Evaluations of the Covered California web site and interest in visiting it in the future are colored by voters’ political affiliations and their opinions of the ACA When voters who visited the Covered California web site are asked to evaluate their experience at the site, 56% say they were satisfied, while 42% were dissatisfied. However, evaluations are directly related to voters’ party affiliation and overall opinion of the ACA. Large majorities of registered Democrats (63%) and ACA supporters (71%) say they were satisfied with their experience at the site.

On the other hand, just 39% of Republicans and only 28% of ACA opponents who visited the site say they were satisfied. When voters are asked whether they are interested in visiting the web site in the future, 46% of voters under age 65 express some interest, while 51% do not. Interest is again highly partisan and tied to a voter’s overall opinion of the ACA. More than twice as many Democrats (56%) as Republicans (25%) say they are interested in visiting the site in the future. Similarly, while 61% of those who support the ACA express an interest in visiting the site in the future, just one in four (24%) of the law’s opponents say this. Increasing proportions consider the state’s Medi-Cal program important to themselves and their families

The current survey finds that nearly two in three voters (62%) say that Medi-Cal, the state program that provides health insurance and long-term care to California’s low-income adults and children, is important to themselves or their families. This is up from 58% who reported this last year and 51% who said this in 2011.

The proportion that consider Medi-Cal to be “very important” has also grown. In 2011 just 29% of voters reported Medi-Cal to be very important to themselves and their families. Last year this increased to 38%, while now it stands at 40%.

Most voters (65%) also believe the state’s Medi-Cal program has been successful in meeting its goals. This compares to just 16% who feel the Medi-Cal program has not been successful in meeting its goals, down from 20% who felt this way last year and 24% in 2011.

Support for a number of proposals aimed at improving the state’s health care system Voters were asked their opinions of five proposals aimed at improving the state’s health care system. Three proposals are favored overwhelmingly. They include:

• Encouraging insurance companies to reward doctors and hospitals more for the quality of care than the number of patients they serve. (82% favor vs. 12% oppose)

• Encouraging insurance companies to reduce health care costs by allowing physician assistants and nurse practitioners to play a bigger role in providing care to patients. (81% favor vs. 14% oppose)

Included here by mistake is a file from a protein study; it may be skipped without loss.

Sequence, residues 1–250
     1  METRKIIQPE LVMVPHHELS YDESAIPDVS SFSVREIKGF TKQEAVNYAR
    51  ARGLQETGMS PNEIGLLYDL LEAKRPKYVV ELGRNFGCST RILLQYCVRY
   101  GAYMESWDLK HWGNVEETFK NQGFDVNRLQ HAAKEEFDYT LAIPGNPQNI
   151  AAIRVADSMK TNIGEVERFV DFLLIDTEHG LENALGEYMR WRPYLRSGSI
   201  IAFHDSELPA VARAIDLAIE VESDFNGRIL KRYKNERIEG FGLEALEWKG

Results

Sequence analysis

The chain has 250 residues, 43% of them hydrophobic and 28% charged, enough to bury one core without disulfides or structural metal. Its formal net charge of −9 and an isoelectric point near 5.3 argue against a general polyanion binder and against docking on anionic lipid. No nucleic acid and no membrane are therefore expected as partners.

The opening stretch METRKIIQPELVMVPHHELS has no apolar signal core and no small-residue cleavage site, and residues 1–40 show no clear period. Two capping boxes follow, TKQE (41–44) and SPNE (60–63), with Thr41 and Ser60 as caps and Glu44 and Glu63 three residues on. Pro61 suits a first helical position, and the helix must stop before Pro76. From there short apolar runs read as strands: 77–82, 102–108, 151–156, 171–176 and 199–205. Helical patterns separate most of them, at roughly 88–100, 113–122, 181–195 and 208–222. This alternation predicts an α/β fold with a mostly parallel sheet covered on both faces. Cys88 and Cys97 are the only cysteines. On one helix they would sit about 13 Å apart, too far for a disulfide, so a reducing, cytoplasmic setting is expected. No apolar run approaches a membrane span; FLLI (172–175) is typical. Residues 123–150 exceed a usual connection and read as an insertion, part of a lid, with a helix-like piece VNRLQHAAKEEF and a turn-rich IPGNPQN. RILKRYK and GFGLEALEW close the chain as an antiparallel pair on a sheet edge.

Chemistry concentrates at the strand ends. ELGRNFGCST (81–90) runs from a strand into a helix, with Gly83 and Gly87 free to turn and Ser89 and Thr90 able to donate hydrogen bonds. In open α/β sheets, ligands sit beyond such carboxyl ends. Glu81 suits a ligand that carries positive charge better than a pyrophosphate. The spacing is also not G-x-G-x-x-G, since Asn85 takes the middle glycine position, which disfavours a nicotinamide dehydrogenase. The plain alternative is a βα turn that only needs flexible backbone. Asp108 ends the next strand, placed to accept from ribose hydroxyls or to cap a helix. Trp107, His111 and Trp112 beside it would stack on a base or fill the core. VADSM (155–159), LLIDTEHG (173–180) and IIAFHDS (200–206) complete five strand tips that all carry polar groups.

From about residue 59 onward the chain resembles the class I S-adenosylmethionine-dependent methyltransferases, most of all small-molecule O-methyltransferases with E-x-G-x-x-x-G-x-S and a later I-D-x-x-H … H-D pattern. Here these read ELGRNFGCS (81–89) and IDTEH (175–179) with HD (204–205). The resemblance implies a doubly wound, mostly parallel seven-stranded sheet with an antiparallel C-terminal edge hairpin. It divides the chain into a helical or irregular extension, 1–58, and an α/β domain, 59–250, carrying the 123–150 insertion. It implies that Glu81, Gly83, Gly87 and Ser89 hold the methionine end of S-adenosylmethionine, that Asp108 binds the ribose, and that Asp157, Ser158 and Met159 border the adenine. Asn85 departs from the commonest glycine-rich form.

• Expanding state funding of not-for-profit health insurance co-ops. (78% favor vs. 15% oppose) A fourth proposal, to allow insurance companies to offer a new lower cost, high deductible coverage option through the Covered California insurance marketplace is also supported by a two-to-one margin (62% favor vs. 29% oppose). On the other hand, a fifth proposal, expanding Medi-Cal to provide preventive health services to undocumented immigrants, divides the voting public. At present, 51% of voters favor the idea, but 45% are opposed. Views about this are highly partisan and divided along racial/ethnic lines. While Democrats support expanding Medi-Cal to include undocumented immigrants greater than two to one (68% to 28%), Republicans are opposed more than three to one (74% to 23%). In addition, larger proportions of Latinos (73%), African Americans (62%) and Asian Americans/Pacific Islanders (57%) are supportive, compared to white non-Hispanics (41%).

There is strong early support for Proposition 45, the “Approval of Healthcare Insurance Rate Changes” initiative.

After being read a summary of Prop. 45’s official ballot description, 69% of likely voters say they would vote YES, while 16% say they would vote NO. Another 15% are undecided. Support crosses party lines, and currently includes about three in four Democrats (75%) and non-partisans (73%), and 58% of Republicans. Somewhat smaller majorities of likely voters are also backing Propositions 46 and 47 on the general election ballot. Proposition 46, the “Drug and Alcohol Testing of Doctors; Medical Negligence Lawsuits” initiative, is currently supported by 58% and opposed by 30%, with 12% undecided. Yes voters outnumber No voters on Proposition 47, the “Criminal Sentencing/Misdemeanor Penalties” initiative, 57% to 24%, with 19% undecided.

Ed’s Note: A total of 1,167 of the interviews were conducted in English and 368 in non-English languages. Interviewing was conducted June 26 – July 19, 2014 from Field Research Corporation’s central location call center.

 


Support for Capitol Weekly is Provided by: